For better or for worse, I have been trying to track the evolution of the foreign currency balance sheet of China’s state banks for a very long time.
Remember the use of foreign currency reserves to recapitalize China’s state commercial banks back in 2003 and 2005? I have a view on how that appears in China’s balance of payments data and why. I even suspect that—at least for the Bank of China—it was actually a more modest change than it seemed, as the Bank of China was likely already managing a portion of China’s reserve before 2003.*
Remember the surge in private bond purchases from China back in 2005 and 2006? I have a view on that too—as those purchases rather clearly were financed by swaps from the People's Bank of China (PBOC). Those swaps and the resulting rise in private capital outflows from China fooled many (the IMF at the time wrote about how balanced private capital flows in Asia were that year).
Remember the rise in the banks’ holding of dollar reserves against their yuan deposits back in 2007 and 2008, which showed up on the PBOC’s balance sheet as “other foreign assets”? I do. Most central banks count dollar deposits from their own banks as part of their reserves (ask the Central Bank of the Republic of Turkey). But China at the time didn’t want to disclose how rapidly its foreign assets were rising, so when it asked the banks to hold dollar reserves as part of their required reserves, which were large at the time, they didn’t count those dollars as part of the PBOC’s reserves (I still don’t know if the funds put on deposit were managed by the banks, or by SAFE).**
Remember the foreign exchange shifted over to China’s rather neglected sovereign wealth fund, the China Investment Corporation (CIC)? I have a view on the timing of that transfer, and how it impacted China’s balance of payments data. The CIC, incidentally, also took over the equity stake that the PBOC acquired in the state banks in exchange for the injection of its foreign exchange reserves in 2003 and again in 2005 (re-read Red Capitalism for all the gory details).***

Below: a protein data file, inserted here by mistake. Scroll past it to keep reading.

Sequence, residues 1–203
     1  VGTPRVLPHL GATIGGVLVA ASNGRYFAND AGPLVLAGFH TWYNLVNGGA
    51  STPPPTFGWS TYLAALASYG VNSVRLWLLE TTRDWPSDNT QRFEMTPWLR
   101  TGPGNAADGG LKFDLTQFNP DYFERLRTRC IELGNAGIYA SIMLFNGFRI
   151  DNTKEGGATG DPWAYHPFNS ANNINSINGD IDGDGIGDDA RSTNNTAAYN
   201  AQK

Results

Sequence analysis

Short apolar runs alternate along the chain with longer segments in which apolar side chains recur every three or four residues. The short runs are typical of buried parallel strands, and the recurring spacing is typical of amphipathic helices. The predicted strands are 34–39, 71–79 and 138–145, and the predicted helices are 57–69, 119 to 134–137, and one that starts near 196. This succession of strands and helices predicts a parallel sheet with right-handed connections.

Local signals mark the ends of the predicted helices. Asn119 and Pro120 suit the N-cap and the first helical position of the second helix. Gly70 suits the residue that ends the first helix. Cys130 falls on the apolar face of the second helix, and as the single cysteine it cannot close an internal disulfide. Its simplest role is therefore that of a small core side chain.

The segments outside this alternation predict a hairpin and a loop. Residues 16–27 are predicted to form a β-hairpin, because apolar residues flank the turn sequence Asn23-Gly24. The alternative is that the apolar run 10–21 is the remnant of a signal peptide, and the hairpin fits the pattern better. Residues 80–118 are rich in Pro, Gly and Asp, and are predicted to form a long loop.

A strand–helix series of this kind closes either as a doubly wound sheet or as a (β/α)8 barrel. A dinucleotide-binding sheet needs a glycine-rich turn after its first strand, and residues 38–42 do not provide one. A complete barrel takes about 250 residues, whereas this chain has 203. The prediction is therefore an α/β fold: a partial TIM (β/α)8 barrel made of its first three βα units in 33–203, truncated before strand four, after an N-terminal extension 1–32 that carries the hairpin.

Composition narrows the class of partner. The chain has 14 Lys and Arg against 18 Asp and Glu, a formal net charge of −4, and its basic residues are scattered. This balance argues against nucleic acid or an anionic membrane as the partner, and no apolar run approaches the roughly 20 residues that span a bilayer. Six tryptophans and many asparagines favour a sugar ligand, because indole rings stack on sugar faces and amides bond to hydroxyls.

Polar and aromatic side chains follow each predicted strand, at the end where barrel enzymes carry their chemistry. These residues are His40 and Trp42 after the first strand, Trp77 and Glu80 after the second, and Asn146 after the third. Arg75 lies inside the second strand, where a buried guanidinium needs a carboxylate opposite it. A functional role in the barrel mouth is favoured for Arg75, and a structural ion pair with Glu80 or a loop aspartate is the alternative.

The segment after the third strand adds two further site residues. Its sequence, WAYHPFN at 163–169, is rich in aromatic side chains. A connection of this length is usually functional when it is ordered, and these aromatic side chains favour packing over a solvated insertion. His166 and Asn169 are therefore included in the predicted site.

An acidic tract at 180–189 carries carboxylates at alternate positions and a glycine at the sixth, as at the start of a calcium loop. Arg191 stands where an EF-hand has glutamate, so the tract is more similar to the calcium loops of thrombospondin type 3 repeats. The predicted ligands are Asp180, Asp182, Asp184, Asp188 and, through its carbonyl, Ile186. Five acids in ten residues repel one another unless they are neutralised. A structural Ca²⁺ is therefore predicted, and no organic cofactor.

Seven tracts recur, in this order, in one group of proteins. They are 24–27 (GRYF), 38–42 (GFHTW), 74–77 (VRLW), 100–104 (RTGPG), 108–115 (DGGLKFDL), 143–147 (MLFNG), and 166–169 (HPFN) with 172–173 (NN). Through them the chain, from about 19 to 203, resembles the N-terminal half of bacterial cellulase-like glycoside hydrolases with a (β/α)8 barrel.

Everyone chases a great white whale—China’s reserves and the foreign assets of the state banks have long been mine.
Suffice to say that over time I have gained a great deal of respect for China’s ability to shift funds between the PBOC and the state banks. I think I have patched together much of the story, but I also know what I don't know (for example, the precise mechanics of the recapitalization of the China Development Bank and the Exim Bank of China).
After all, China’s centrally-controlled state commercial banks—a grouping that reportedly includes the China Development Bank but not the Exim Bank of China, even though both are policy banks—have a disclosed foreign currency balance sheet of over $1 trillion dollars, with close to $750 billion disclosed external foreign currency assets. The China Development Bank and the Exim Bank of China combined aren’t just bigger than the World Bank; their external portfolio (over $500 billion) likely puts them in the top ranks of sovereign wealth funds by assets.
That is a long windup to be sure.
But I hope it gives me a bit of credibility when I say this: something significant shifted in China’s balance of payments in the second quarter of 2020.
For most of the past five years, China’s government hasn’t added huge sums to its reserves, and there has been only a modest—by Chinese standards—rise in the net foreign assets of its state banks. Yes, there have been swings (I have long noted that part of the fall in the PBOC’s reserves in 2015 and 2016 is explained by the fact that the state banks paid down their external debts without reducing their external assets, so their net foreign asset position rose even as the PBOC’s reserves fell). Yes, there has been more underlying flow volatility than has showed up in the PBOC’s foreign exchange reserves. But there hasn’t been the kind of rapid accumulation of foreign reserves (including the required reserves left in the state banking system for the state banks to manage) that was typical from 2003 to 2013.